Recently saw another sign by the freeway entrance.  SOMEWHERE ELSE AND BACK.  Liked the spirit of the sign, so I pulled over and the travelers piled gratefully into my truck.  Young university students, male and female – one of each.  Tired of “here” — taking a semester off to go see it all, wherever IT is.

“But your sign says ‘and back.’ “

“Well, this is home, you know, and we like it here.  We just want to be somewhere else for a while.  You ever feel that way?”

“About once a week, actually.”

When people are polled on what they would do if they won the lottery, first they’d pay their bills and then they would travel — go see the world, go somewhere else and back.  Nomads we are, at heart.  And it always amuses me when anthropologists find the ruins of civilizations that seem to have been suddenly abandoned.  What caused this?  Where did they go?  What was the problem?  No problem, really, they just woke up one morning in a collective mod to be somewhere else.  They went.  And just didn’t quite make it back.

Count up the number of places you have lived so far in your life.  Thirty-seven places in fifty-one years — that’s my record — and my wife and I are talking where-to-and-what-next again.  Restlessness is our way, and we scratch the itch when we can.  Having traveled “somewhere else and back” quite a few times now, here are two elemental truths I know:

First: the grass is not, in fact, always greener on the other side of the fence. No, not at all.  Fences have nothing to do with it.  The grass is greenest where it is watered. When crossing over fences, carry water with you and tend the grass wherever you may be.

Second: The River-Runner’s Maxim, taught to me when I was learning white-water canoeing from friend Baz, a maximum pro: “Sitting still is essential to the journey.” When heading off down river, pull over to the bank from time to time and sit quietly and look at the river and think about where you’ve been and where you’re going and why and how.

So.  Come sit by me on the bank and I will tell you where the grass is green and what I know about the river…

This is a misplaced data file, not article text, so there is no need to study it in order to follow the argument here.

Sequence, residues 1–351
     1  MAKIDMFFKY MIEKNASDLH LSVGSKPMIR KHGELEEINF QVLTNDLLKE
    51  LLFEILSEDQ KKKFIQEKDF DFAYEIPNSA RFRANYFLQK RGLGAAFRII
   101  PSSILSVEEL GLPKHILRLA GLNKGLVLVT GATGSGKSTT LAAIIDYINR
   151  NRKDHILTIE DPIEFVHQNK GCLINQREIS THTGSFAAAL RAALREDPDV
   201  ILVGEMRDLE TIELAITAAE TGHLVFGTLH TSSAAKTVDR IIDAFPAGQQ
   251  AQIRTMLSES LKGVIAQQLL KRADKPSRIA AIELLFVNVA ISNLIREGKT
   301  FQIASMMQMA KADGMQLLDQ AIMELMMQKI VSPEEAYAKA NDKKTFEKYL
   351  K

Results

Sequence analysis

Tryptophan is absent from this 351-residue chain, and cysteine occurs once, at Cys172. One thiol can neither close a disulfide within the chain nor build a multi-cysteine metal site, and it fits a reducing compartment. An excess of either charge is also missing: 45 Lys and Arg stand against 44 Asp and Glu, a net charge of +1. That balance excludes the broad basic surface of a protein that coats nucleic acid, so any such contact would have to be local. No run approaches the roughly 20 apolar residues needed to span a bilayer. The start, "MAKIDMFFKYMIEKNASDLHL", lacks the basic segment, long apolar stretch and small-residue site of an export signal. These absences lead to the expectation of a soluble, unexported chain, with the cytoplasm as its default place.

Sermon: “It’s A We Thing”

Music:   #1008       When Our Heart Is In A Holy Place

Offering shared with The Women’s Freedom Center

Offertory:  Azulão     by  Jayme Ovalle, sung by Victoria de los Angeles

Blessing Candles of Joy & Sorrow

Releasing of Covenant Ritual: By Tess Baumberger, Erika A. Hewitt

Minister: For the last four years you have offered me your free pulpit and the freedom of creativity in worship, gifts for which I’m grateful. I hereby return the ministry of worship to your able hands. Use it to speak the truth in love to one another; to continue to find reverence and meaning together.

Congregation: We thank you for your service in our pulpit. We accept its power of freedom for ourselves and release you from your service as worship leader.

Minister: For the last four years you have welcomed me into the transitional moments of your lives—times of sorrow and crisis, and also of great joy. It’s been my privilege to care for you in times of need. I now return the ministry of pastoral care to your hands. Use it to comfort and to celebrate the milestones of your lives with compassion.

Congregation: We thank you for the pastoral care you have offered us. We accept its power of compassion for ourselves and release you from your role as pastoral caregiver.

Minister: From my first days with you, you have asked me to lead you in works of justice and compassion, inspiring us to build a better world. I return the prophetic ministry to your hands. Use it to take the teachings of Unitarian Universalism beyond our walls, into a hurting human family.

Congregation: We thank you for your prophetic voice. We accept it for ourselves and release you from your service as our leader for peace and justice.

Minister: Since my arrival, you’ve asked me to serve as  administrator and professional leader of this congregation. Today I return the “administry” of this congregation to you. May you guide yourselves with courage and wisdom into a strong and sure future.

Congregation: We thank you for your professional leadership. We accept its power of vision and knowledge, and release you from your call as our professional leader.

Minister: The light of our shared ministry will be extinguished today, but our respective ministries will continue separately: our separate fires will bring light to the world in new and unique ways.

I light two candles from the chalice: one to symbolize your ministry as a congregation, and the other to represent the ministry that I take with me.

With love and gratitude, I release you from our covenant with one another. Go your way in peace, truth, and love.

Congregation: With love and gratitude, we release you from our covenant with one another. Go your way in peace, truth, and love.

Music: “As” by Stevie Wonder

Extinguish the Chalice:   The Work We Share by Krista Taves

It is our work, shared with each other in covenant,

That creates and sustains this beloved community.

We extinguish this chalice, but its light lives on

in the directions we have chosen today.

The light of this faith lives on in us, together,

in our hearts, minds, bodies and spirits.

Amen and Blessed Be.

Closing Circle

Carry the flame of peace and love until we meet again

Carry the flame of peace and love until we meet again